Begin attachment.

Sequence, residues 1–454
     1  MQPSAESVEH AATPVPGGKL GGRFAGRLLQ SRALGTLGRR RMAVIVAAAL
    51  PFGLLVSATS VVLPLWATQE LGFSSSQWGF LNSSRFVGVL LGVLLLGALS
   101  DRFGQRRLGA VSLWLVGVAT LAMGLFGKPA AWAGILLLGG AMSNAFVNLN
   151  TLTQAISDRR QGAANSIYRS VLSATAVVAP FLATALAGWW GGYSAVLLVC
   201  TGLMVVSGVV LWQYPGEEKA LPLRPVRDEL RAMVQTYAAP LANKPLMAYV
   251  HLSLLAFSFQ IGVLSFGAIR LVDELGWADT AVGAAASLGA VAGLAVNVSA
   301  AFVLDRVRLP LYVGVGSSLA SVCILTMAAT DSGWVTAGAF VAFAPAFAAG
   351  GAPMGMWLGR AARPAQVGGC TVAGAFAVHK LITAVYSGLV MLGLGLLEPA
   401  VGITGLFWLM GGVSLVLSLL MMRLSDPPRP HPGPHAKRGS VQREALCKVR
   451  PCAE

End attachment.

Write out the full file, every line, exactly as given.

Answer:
Sequence, residues 1–454
     1  MQPSAESVEH AATPVPGGKL GGRFAGRLLQ SRALGTLGRR RMAVIVAAAL
    51  PFGLLVSATS VVLPLWATQE LGFSSSQWGF LNSSRFVGVL LGVLLLGALS
   101  DRFGQRRLGA VSLWLVGVAT LAMGLFGKPA AWAGILLLGG AMSNAFVNLN
   151  TLTQAISDRR QGAANSIYRS VLSATAVVAP FLATALAGWW GGYSAVLLVC
   201  TGLMVVSGVV LWQYPGEEKA LPLRPVRDEL RAMVQTYAAP LANKPLMAYV
   251  HLSLLAFSFQ IGVLSFGAIR LVDELGWADT AVGAAASLGA VAGLAVNVSA
   301  AFVLDRVRLP LYVGVGSSLA SVCILTMAAT DSGWVTAGAF VAFAPAFAAG
   351  GAPMGMWLGR AARPAQVGGC TVAGAFAVHK LITAVYSGLV MLGLGLLEPA
   401  VGITGLFWLM GGVSLVLSLL MMRLSDPPRP HPGPHAKRGS VQREALCKVR
   451  PCAE